Harper has made it clear that the next election will be about Law and Order and Afghanistan. And this is where the Liberals are weak, a house divided.
And this is where the NDP is strongest in holding principled positions directly opposed to the Harpocrites. Sure their positions are at odds with pundits and pollsters but in the end a clear stark line of demarcation between the NDP and the Harpocrites leaves the Liberals out on a limb. As centrists they have failed to appeal to either the right or the left, and all Dion has done is paint himself green.
Meanwhile on issues of Law and Order and Afghanistan they suffer from the political baggage they carry from having been the government in power that introduced Anti-Terrorism laws and troops in Afghanistan.
Thus the Dion Liberals skate all over the ice trying to coordinate their right wing and left wing. And like the Oilers, they are not scoring goals.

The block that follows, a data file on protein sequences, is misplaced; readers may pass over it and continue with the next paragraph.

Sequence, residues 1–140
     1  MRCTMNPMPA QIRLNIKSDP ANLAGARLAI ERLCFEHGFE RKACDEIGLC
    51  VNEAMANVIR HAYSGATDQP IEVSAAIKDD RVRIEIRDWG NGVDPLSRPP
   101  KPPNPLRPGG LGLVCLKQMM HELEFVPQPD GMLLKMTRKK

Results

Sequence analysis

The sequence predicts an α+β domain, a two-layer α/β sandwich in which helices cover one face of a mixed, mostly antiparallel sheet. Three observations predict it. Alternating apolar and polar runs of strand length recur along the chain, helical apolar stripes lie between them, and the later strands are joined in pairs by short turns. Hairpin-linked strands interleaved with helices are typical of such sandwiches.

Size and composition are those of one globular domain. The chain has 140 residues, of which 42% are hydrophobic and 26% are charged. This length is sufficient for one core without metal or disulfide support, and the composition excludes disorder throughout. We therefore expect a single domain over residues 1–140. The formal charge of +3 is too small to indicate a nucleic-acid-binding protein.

Challenged this week on his judicial agenda, Harper opted for a schoolboy counterattack. Without much connection to anything relevant, the Prime Minister accused Liberals of not liking the police. That tactic echoes this government's response to skepticism about Afghanistan: To doubt its purpose or progress is to undermine troop morale
Despite growing opposition within Liberal ranks, party Leader Stephane Dion says Grits will "absolutely not" revisit their decision to oppose an extension of two controversial provisions of the Anti-Terrorism Act on civil liberties grounds. Dion's spokesman Andre Fortin made the statement Friday as a potential mutiny appeared to be shaping up among Liberal MPs, some of whom argue that one of the measures, investigative hearings, are vital to an RCMP probe into the 1985 Air India bombing. Among Liberal MPs citing the Air India case are justice critic Marlene Jennings, Stephen Owen, Keith Martin and Don Bell.
While the party may have put its bickering behind it, the NDP said yesterday Mr. Dion has yet to make clear his position, refusing to back a withdrawal of troops but also opposing the extension of the mission to 2009. "If Mr. Dion is looking to blame someone for the current state of the Canadian mission in Afghanistan, he might want to start with his own caucus," the NDP said, noting that several key Liberals did not turn up for a vote on extending the mission.
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